October is about celebrating longevity in business. This includes our long term relationship with our partners. This year, Headland turns 70 years old. Our partner, BOC, turns 84. Learn more about BOC’s interesting history below.
BOC originated in 1935, under the name of Commonwealth Industrial Gases (CIG). Their technical specialists, past and present, contributed to many advances in industry. These contributions included advances in everyday Australian life. With a passion for welding, CIG contributed to many great Australian projects.
In 1937, CIG welders helped bring electricity to Tasmania. This was through their work in the hydroelectric industries. As the war started to kick off and wartime demands increased, CIG established an electrode factory in Sydney. They trained hundreds of welders for defence work. Experts assisted the wartime effort by developing a technique to flash-weld anchor chains. This was for the Royal Australian Navy. Working with the RAAF, they redesigned British made oxygen breathing equipment used early in the war. Welding and hydro-electric expertise assisted development of the Snowy Mountains hydroelectric scheme (1949).
Moving into the 1950’s and 60’s, CIG once again helped shape Australian history. During the southern hemisphere’s first-ever Olympics, their spray equipment coated the enamel onto the new Olympic pool. And their experts were also on hand supplying medical oxygen to swimmers. During the start of the automotive boom, their experts helped early Holden and Ford Falcon vehicles get on Australian roads.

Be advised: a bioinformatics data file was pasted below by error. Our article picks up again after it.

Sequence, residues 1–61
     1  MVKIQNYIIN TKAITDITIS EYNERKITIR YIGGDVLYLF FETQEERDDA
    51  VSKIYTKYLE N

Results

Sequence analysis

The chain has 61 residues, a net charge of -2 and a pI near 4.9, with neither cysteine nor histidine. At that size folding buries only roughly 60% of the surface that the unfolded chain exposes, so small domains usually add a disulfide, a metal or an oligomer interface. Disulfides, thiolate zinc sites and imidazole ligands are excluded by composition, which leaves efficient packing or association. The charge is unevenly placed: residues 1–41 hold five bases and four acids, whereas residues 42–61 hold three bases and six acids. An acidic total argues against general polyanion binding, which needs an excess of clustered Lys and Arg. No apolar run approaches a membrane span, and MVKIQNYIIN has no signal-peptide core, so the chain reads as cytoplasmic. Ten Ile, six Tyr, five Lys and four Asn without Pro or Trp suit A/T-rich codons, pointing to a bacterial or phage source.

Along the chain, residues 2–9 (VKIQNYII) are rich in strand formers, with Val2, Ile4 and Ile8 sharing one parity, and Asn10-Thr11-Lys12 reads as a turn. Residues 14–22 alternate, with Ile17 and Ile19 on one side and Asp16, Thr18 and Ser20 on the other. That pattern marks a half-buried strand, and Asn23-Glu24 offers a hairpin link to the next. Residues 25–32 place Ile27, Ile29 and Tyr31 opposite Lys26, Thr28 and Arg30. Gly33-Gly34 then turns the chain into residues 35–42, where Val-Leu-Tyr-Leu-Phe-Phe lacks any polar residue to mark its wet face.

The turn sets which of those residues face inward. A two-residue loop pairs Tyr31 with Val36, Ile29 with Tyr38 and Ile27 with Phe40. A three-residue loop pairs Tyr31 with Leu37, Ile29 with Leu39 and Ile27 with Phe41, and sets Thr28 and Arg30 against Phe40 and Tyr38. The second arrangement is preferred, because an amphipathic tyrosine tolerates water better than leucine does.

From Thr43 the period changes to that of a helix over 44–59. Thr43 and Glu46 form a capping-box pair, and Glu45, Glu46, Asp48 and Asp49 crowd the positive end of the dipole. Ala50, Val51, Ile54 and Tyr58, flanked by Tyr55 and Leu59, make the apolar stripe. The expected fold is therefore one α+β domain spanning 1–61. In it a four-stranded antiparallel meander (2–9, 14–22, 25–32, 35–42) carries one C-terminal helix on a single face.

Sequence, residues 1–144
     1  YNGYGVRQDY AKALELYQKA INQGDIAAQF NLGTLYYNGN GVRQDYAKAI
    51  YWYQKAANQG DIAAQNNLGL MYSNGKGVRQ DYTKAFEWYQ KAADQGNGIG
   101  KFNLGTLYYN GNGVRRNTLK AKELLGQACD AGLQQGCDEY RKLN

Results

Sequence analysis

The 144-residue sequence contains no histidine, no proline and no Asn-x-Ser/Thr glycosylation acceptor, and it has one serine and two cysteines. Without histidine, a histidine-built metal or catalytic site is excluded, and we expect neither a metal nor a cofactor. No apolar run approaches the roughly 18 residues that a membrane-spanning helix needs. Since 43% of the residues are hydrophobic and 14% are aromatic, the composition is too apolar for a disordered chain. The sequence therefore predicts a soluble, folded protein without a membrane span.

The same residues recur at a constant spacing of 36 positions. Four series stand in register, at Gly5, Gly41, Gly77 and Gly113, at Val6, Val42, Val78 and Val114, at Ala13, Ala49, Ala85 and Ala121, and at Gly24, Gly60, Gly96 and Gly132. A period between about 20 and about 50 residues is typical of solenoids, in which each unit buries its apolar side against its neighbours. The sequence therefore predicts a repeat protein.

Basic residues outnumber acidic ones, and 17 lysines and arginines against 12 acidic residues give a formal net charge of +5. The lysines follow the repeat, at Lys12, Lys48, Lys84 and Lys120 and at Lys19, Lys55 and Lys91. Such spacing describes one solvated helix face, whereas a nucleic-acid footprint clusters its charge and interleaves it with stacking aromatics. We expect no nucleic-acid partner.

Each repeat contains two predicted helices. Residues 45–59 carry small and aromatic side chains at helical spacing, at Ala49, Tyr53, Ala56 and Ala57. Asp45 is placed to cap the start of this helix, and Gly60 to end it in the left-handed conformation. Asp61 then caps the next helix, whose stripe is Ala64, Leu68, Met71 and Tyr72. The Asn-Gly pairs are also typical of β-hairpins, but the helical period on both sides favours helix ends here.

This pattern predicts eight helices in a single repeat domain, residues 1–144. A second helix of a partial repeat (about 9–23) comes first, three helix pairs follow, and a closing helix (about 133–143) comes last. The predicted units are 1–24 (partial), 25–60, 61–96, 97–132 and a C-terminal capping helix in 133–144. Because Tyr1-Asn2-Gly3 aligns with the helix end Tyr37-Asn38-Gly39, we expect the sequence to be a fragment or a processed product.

During this time, their experts also trained NSW Police in cutting techniques for removing people trapped in cars. Not only did our experts open up our roads, they also opened up our “sea roads”. In 1959, technical engineers worked on connecting Tasmania to the mainland. They assisted in the construction of the iconic Princess of Tasmania.
BOC has a long history of achieving and maintaining the highest standards in healthcare. In the 1970’s, they designed and built a portable infant incubator, the Medishield Thormocot. It won the Prince Philip Merit Award for outstanding design.
CIG was the first to manufacture aluminium cylinders. There was strong demand in the medical, specialty gases and small industries markets for these cylinders.
Over the past 25 years BOC has expanded in the market, with CIG and NZIG becoming part of the BOC group in 1990. In 2006, BOC joined Linde plc (formally known as the Linde Group). This included giving Australians global access to top-quality technologies and cutting-edge development. BOC is proud to lead the way in investment for our region’s future. In 2010, they built the first helium plant in the southern hemisphere. They are now looking into alternative fuel technologies, such as LNG and hydrogen.